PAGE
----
Coming Back From Exile

It was only a weekend retreat in a neighboring state. Still, I felt relief as I unlocked my door and knew I was finally home. But instead of the dark apartment I expected, a fire crackled in the woodstove and an arrangement of bright fall flowers from my mom’s beds brightened the kitchen table. No one else was there, but I knew Mom and Dad had stopped by and created this welcome home. That was over twenty years ago, and I am still warmed by the memory.

More recently, I returned from an extended trip to find Welcome Home notes in colored chalk all over the sidewalk leading to my door. Works of art by my family. We all sat in my living room to catch up, and I savored the simple joy of being with loved ones.

A few days ago, I read about an Ethiopian taxi driver who has been in the United States for eleven years. He longs to go back to his homeland, but he left looking for political asylum and cannot go back until changes in the government make it safe to do so. What must it feel like to know you cannot go home?

Scriptures contain many metaphors for the human wandering that takes us away from God the Father. One description I found in chapter 5 of Isaiah has stayed with me:

So my people will go into exile far away because they do not know me.

The opening chapters of Isaiah contain warnings of terrible judgment that will come on God’s people because they’ve rejected the Lord and turned their backs on Him. God’s wrath will punish Judah and Jerusalem, and God recounts His case against the very people He had chosen as His own.

But it is impossible to read these chapters and not see our own society today. Here’s just a sample:

* They have despised the Holy One of Israel (1:4)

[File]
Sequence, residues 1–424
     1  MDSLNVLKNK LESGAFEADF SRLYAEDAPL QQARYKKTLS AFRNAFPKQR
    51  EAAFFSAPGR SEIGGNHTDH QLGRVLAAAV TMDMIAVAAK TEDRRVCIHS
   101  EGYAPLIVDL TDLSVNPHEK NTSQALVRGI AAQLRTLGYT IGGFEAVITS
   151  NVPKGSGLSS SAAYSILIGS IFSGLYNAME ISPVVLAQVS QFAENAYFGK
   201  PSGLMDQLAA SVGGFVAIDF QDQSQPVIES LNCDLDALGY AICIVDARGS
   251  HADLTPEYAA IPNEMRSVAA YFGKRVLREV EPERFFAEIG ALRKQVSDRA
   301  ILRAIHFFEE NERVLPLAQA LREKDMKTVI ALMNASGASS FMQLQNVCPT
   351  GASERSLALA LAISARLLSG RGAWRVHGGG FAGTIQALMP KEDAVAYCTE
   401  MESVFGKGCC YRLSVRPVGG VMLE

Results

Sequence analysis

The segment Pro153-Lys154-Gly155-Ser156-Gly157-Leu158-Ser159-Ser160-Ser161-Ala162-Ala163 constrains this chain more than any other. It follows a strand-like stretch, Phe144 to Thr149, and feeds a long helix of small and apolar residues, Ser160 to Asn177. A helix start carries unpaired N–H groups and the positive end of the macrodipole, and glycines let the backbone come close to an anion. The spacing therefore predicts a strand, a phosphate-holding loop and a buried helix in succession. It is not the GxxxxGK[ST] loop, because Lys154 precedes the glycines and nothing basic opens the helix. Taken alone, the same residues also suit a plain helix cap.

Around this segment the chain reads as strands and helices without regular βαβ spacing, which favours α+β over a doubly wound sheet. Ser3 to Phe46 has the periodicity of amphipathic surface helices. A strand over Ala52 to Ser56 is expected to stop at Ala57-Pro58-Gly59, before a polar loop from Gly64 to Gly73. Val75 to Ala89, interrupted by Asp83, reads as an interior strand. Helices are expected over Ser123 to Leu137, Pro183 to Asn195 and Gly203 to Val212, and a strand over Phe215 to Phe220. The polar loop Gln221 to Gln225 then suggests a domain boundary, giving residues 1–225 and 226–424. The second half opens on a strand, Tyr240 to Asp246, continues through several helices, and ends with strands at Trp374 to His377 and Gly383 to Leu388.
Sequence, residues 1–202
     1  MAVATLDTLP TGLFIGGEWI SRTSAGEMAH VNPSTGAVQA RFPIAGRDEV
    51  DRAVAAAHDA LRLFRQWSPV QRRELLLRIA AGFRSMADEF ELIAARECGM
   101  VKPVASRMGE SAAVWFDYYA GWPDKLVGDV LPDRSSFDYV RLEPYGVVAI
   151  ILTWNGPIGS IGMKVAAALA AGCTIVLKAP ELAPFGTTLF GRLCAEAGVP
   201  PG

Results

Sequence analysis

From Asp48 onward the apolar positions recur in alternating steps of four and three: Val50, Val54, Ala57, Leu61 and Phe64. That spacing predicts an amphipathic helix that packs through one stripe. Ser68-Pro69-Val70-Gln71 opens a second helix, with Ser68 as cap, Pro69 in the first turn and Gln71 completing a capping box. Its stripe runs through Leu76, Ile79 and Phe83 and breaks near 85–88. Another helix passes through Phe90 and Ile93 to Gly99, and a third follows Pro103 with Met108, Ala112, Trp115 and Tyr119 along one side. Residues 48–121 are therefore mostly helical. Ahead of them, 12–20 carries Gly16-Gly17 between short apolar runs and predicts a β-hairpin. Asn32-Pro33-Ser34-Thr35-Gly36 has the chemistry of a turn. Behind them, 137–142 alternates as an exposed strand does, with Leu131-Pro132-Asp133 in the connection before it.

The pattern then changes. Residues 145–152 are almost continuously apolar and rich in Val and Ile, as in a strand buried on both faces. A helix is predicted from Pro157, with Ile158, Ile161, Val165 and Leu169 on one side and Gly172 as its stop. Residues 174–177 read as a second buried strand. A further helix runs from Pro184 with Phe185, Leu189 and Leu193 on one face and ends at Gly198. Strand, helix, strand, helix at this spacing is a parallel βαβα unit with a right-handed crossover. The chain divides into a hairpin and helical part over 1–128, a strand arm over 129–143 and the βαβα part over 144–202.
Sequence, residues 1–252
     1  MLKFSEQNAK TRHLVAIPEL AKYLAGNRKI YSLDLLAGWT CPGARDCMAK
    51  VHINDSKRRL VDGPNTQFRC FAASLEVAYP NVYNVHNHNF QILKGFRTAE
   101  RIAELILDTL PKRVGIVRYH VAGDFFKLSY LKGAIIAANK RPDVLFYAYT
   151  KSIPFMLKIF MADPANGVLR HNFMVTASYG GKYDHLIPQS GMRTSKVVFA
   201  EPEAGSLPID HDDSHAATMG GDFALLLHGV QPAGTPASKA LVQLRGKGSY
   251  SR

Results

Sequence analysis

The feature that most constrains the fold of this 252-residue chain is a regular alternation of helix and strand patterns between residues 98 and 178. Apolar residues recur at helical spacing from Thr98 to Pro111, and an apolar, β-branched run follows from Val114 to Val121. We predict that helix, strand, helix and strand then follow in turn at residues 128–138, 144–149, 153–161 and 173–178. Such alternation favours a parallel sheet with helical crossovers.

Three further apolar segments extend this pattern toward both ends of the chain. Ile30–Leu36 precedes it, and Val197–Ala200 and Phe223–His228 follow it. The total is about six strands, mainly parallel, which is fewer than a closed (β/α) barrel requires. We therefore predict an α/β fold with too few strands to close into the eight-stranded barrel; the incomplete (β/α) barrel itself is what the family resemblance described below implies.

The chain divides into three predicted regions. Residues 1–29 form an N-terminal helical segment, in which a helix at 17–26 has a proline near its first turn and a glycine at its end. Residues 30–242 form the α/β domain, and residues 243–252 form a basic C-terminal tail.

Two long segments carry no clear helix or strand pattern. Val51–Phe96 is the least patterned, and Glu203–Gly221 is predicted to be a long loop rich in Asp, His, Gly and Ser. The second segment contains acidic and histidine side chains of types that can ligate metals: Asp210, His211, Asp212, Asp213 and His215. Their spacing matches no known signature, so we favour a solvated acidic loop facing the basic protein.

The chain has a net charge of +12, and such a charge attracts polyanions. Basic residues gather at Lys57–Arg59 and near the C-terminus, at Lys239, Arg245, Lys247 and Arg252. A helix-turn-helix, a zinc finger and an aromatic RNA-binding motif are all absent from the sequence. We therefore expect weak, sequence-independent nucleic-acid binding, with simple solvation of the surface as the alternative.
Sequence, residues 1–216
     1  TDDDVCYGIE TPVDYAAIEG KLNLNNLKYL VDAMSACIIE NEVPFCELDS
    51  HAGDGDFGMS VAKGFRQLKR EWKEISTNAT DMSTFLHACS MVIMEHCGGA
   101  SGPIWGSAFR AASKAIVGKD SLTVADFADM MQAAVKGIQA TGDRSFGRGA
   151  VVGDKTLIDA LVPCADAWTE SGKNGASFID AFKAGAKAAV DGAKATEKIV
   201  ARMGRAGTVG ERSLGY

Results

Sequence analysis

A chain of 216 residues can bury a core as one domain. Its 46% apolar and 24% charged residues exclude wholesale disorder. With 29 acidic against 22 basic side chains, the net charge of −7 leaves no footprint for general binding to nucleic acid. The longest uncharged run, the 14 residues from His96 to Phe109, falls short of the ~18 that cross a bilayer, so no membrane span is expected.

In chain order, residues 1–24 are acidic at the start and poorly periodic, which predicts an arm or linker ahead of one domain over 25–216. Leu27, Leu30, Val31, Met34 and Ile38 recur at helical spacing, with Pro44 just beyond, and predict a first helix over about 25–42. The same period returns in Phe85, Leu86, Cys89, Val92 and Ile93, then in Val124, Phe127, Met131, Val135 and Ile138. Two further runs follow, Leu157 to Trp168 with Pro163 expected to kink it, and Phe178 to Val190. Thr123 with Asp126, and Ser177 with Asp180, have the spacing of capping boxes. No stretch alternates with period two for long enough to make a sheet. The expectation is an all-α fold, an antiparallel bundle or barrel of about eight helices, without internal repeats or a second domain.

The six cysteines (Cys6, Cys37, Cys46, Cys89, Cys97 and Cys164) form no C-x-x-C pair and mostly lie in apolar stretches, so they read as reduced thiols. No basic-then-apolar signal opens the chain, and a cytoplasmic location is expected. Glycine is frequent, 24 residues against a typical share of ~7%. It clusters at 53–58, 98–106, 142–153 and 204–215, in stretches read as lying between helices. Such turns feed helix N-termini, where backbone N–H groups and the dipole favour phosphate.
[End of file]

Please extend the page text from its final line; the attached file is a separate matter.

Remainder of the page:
*  they have made alliances with pagans (2:6)
*  The people worship things they have made with their own hands (2:8)
*  they speak out against the Lord and refuse to obey him. They provoke him   to his face (3:8)
*  They display their sin like the people of Sodom and don’t even try to hide it. (3:9)
they never think about the Lord or notice what he is doing. (5:12)
*  What sorrow for those who say that evil is good and good is evil,
    
that dark is light and light is dark,
    
that bitter is sweet and sweet is bitter   (5:20)

And so, says the Lord of Heaven’s Armies, His people will go into exile far away, because they do not know me.

Exile. Absence from your home country. Absence from home. This was a warning for Judah, but I hear a warning for us today. Do we send ourselves into exile, are we far from the presence of the One who loves us, because we, too, forget who has chosen and cared for us?

We go into self-imposed exile when we do so many of those things Judah was doing:

*  We worship things made with our own abilities and our own successes

*  We call evil things good and good things evil. In other words, we test good and evil by our own standards, not by God’s

*  We are guilty of ignoring what God is doing and of not acknowledging God at work

*  We ally ourselves with pagan culture and sin openly.

*  We willfully refuse to obey God in something

All of these things send us into exile, take us away from the presence of God. We live a long way off from home, far from the Father who has chosen us as His children.

Read again what God says:

So my people will go into exile far away because they do not know me.

Perhaps we have a tendency to wander, to live in exile, because we do not know the Father? Perhaps, the more we learn to know Him, the closer to home we come?

No human loved one — spouse, child, parent, or friend — wants to be taken for granted. But we are guilty of doing just that. Do you take your Heavenly Father for granted?

Paul says in Colossians that the antidote to all these things that lead to wandering and exile is learning to know your Creator.

Put on your new nature, and be renewed as you learn to know your Creator and become like him.  (Col 3:10)

Earlier in Colossians, we’re told, All the while, you will grow as you learn to know God better and better.  (Col 1:10)

Learning to know the Father changes us, makes us new people, makes us more like Him.

And brings us back from living in exile.

*

Scriptures from the New Living Translation

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